The main dial consists of a traditional analogue tachometer and digital speed read-out, both easy to read at a glance. This is flanked by LCD displays, including in the test vehicle suggested gear-shift points to obtain optimum performance and economy from the 1.5-litre engine.

Info is also reflected as a head-up display that’s set to focus at 1.5 metres from the driver’s eyes. Speed and speed limits, turn-by-turn sat nav directions and safety system information are displayed.

A full-colour 7.0-inch display screen is situated on the top of the central dashboard, once again at driver eye level, with data control from a wheel and switches on the centre console. Menu switching can also be done via voice control.

Mazda MZD Connect gives easy access to the internet and social networking services. Internet radio Aha by Harman is included.

The high-spec engine in the GT comes with the Mazda i-stop engine start / stop system aimed at saving fuel. If you don’t want to reduce emissions it can be turned off.

With 81 kW of peak power and 141 Nm of torque, the high-compression motor works best in the higher rev range, doing so accompanied by a brassy note.

In a solid workout over several days of city living the Mazda2 GT hatch six-speed manual averaged fuel consumption straddling nine litres per 100 kilometres, while when set free on the motorway, it recorded a best figure of 4.7 litres per 100 kilometres.

Nimble steering makes the Mazda2 the ideal town car for zippy heavy traffic manoeuvres, while rear cross traffic alert warns audibly of vehicles behind when reversing out of parking spots.

Brakes are ventilated discs at front and drums the back with pedal feel tuned to the driver’s input for vehicle safety and stability. A lightweight, rigid body structure ensures occupants protection in the event of an accident.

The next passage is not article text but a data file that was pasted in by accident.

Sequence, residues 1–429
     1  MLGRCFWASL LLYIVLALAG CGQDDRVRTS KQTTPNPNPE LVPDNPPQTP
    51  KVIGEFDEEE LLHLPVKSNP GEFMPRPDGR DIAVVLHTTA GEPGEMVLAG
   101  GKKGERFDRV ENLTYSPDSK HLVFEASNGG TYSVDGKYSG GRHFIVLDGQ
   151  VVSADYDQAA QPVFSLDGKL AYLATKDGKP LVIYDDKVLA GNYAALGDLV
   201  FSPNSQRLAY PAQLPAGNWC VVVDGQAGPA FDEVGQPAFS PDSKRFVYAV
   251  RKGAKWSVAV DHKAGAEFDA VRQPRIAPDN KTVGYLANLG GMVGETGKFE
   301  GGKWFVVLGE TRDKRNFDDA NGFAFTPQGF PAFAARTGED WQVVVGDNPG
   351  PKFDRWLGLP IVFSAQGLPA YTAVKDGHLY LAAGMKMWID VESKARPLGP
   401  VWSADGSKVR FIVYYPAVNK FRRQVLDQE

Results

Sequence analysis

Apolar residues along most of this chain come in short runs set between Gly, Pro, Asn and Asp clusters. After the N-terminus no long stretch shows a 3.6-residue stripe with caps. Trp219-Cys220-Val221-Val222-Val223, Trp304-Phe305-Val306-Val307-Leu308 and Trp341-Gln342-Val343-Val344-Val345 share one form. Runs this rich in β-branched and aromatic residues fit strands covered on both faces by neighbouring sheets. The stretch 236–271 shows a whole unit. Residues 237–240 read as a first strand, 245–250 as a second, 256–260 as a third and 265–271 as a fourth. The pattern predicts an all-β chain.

Cabin storage space in the hatchback boot is 250 litres, enough space for a large suitcase or average-size baby stroller. The tailgate is light and easy to operate via a button on the inside lip.

Even the quality of sound heard when closing the Mazda2 rear doors has been addressed in the new model to make it more pleasing the ears. Premium quality is certainly Mazda’s aim.


Mazda2 Neo hatch or sedan: $14,990 (manual), $16,990 (automatic)
Mazda2 Maxx hatch or sedan: $17,690 (manual), $19,690 (automatic)
Mazda2 Genki hatch or sedan: $20,690 (manual), $22,690 (automatic)
Mazda2 GT hatch or sedan: $21,680 (manual), $23,680 (automatic)

About Ewan Kennedy

Ewan Kennedy, a long-time car enthusiast, was Technical Research Librarian with the NRMA from 1970 until 1985. He worked part-time as a freelance motoring journalist from 1977 until 1985, when he took a full-time position as Technical Editor with Modern Motor magazine. Late in 1987 he left to set up a full-time business as a freelance motoring journalist. Ewan is an associate member of the Society of Automotive Engineers - International. An economy driving expert, he set the Guinness World Record for the greatest distance travelled in a standard road vehicle on a single fuel fill. He lists his hobbies as stage acting, travelling, boating and reading.